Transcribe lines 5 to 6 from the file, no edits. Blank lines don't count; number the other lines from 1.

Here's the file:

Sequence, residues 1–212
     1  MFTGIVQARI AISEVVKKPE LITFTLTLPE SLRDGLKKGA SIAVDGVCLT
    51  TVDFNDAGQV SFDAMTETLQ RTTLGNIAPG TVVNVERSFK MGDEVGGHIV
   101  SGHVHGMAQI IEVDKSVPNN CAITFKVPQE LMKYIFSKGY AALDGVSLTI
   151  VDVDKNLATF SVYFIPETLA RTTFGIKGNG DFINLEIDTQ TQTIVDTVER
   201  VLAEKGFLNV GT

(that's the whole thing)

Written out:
   151  VDVDKNLATF SVYFIPETLA RTTFGIKGNG DFINLEIDTQ TQTIVDTVER
   201  VLAEKGFLNV GT